Susan Welch at Whitney’s Boutique in Vaiden said velour is HUGE this year. From tops to dresses, Welch said velour is extremely popular this season.
Ron Collins’ favorite story on the www.vaiden.net website is the story of Cowles Crowder Mead. “The indirect relation of the Town of Vaiden to the early history of the Mississippi Territory is most interesting,” said Collins.
COWLES CROWDER MEAD
Cowles Crowder Mead (10/18/1776 – 05/17/1844) was from Virginia. Sally Cowles (04/25/1781 – 05/11/1850), also lived in Virginia. As a young girl, she was “wooed” by her cousin, Cowles Mead (pronounced “Coals”), whom she loved but refused to marry because of their blood relationship. Continue reading
According to Ron Collins, owner of the www.vaiden.net website, “Vaiden, Mississippi is not Heaven, but it’s probably in the same zip code.”
It may be harder to find a bigger fan in the state of Mississippi of the town of Vaiden than Ron Collins. Since the Fall of 1999, Collins has been sharing his favorite memories and a wealth of history about his hometown of Vaiden.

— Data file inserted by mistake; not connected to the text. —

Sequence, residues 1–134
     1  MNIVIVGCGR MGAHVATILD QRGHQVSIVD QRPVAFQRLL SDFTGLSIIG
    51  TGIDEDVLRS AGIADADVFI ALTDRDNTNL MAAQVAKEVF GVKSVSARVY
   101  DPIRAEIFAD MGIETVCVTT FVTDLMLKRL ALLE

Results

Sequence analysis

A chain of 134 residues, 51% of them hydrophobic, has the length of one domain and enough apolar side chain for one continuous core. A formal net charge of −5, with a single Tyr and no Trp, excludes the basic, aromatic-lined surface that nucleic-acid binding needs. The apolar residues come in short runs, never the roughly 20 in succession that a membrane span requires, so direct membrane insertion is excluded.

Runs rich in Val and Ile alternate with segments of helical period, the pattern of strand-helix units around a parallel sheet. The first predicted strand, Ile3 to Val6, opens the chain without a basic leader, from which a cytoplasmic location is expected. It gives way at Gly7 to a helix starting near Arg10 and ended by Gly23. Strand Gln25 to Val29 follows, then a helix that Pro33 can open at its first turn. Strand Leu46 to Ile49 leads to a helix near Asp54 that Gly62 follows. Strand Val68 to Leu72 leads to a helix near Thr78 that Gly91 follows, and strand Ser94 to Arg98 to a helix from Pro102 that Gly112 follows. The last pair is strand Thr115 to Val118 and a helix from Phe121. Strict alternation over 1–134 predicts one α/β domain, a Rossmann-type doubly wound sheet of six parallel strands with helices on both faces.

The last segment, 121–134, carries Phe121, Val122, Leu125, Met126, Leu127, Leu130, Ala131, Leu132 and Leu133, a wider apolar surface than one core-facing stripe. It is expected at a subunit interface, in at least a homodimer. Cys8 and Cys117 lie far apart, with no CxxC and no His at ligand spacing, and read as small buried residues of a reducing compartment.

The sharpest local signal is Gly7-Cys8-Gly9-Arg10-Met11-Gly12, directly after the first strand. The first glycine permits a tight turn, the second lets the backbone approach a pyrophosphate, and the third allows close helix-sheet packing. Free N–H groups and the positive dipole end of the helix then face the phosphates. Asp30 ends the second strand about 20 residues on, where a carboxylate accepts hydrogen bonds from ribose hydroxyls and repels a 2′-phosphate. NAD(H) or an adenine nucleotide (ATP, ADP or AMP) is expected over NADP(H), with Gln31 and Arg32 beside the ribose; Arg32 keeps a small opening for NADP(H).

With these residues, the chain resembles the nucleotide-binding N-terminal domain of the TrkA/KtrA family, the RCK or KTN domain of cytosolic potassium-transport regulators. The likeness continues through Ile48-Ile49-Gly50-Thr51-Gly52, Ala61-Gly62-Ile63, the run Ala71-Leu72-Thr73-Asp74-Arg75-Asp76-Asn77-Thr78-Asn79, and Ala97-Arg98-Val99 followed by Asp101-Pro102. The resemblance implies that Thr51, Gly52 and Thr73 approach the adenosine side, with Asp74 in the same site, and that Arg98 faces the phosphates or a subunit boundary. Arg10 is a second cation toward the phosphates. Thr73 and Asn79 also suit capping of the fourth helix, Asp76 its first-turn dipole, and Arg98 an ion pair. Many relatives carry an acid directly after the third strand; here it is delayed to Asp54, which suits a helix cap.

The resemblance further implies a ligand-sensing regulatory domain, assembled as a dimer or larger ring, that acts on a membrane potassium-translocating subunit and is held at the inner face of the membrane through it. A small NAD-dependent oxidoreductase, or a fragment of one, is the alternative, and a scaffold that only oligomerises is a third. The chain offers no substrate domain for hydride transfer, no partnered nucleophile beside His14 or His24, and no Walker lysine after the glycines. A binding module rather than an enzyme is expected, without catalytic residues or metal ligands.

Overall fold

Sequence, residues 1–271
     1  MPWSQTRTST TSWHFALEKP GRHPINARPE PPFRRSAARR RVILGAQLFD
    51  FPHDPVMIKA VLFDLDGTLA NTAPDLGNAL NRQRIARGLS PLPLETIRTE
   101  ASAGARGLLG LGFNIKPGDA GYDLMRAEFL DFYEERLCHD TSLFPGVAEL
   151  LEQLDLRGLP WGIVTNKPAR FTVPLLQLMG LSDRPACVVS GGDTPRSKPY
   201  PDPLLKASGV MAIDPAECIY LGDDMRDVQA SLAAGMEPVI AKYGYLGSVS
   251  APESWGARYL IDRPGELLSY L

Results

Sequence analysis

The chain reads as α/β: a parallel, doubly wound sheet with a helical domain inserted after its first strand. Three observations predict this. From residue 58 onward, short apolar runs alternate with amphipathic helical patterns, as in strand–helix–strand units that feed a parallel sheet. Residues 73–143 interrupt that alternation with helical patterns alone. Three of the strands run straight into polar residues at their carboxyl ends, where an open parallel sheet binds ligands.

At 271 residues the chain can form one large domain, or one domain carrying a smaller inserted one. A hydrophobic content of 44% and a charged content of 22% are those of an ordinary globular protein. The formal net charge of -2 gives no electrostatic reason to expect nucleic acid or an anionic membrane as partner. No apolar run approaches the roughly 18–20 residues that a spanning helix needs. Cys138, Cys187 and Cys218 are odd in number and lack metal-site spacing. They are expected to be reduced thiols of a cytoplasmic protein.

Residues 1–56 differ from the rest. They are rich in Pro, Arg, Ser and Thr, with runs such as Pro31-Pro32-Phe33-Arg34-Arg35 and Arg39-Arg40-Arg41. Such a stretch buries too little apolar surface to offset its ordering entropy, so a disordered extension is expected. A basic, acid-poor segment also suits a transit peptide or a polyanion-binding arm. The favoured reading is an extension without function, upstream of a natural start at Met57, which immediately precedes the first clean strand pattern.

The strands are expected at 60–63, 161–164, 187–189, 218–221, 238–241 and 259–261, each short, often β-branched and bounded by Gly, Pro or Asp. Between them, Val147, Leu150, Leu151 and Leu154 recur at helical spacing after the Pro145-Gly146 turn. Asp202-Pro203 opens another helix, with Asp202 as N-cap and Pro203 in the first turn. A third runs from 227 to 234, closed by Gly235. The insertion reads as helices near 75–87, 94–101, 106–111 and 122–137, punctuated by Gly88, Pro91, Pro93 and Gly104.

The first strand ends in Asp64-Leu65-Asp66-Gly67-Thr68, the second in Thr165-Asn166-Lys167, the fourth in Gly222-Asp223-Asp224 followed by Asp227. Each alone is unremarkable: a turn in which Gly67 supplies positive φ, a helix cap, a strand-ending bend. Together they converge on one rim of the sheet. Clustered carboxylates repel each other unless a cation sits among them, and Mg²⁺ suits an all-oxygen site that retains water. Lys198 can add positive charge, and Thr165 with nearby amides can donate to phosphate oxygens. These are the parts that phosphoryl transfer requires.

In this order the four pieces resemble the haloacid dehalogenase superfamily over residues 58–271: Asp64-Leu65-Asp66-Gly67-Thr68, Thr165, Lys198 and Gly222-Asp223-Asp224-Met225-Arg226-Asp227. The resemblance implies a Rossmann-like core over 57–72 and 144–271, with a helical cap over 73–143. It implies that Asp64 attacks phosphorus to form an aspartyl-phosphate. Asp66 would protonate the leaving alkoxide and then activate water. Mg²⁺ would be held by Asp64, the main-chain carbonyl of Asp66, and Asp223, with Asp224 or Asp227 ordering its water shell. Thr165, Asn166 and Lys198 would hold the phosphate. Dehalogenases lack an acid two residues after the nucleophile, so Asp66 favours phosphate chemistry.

Collins love of Vaiden history has been ingrained in him since birth, but he points back to 1976 where his real passion for local history began. During the Vaiden Bicentennial, the Vaiden Garden Club composed ‘The Vaiden Heritage,” a book containing the history of Vaiden. It was composed of early Vaiden photos and information about the founding of Vaiden.
“Some of the old advertisements really caught my attention as well, and I spent hours looking at that book,” Collins said. “As a kid, I had explored just about every ‘nook and cranny’ of Vaiden – from gathering supplies for my treehouse to playing at the Old Shongalo junkyard, to riding bicycles all over town, with not a worry in the world.” Continue reading
If it were not for Camp McCain, there would be no Cuomo Sisters singing in churches and venues throughout the area.
Jo Wray of Wild Flower Heart Clothing Designs said to be or not to be a fashion designer is a tough choice.
“Fashion designers lead a busy, secretive life, so getting them to talk to you about becoming one yourself and investing a small fortune on an unknown future is difficult,” Wray said. “This career is not simple because fashion designers work very hard for their fame and money. To be successful, you must plan from the beginning. Planning is makes the battle half won.” Continue reading
For the past five years, Jo Wray has been creating eco-fashion and jewelry through her clothing line, Wild Flower Heart.
Wray’s grandmother taught her to sew when she was about 8 years old. She was a smaller kid who had to alter all of her clothes. When Wray was in high school, she made all of her clothes.
So when she was ready to retire from teaching, she looked online at other designers who made sustainable women’s clothing. Continue reading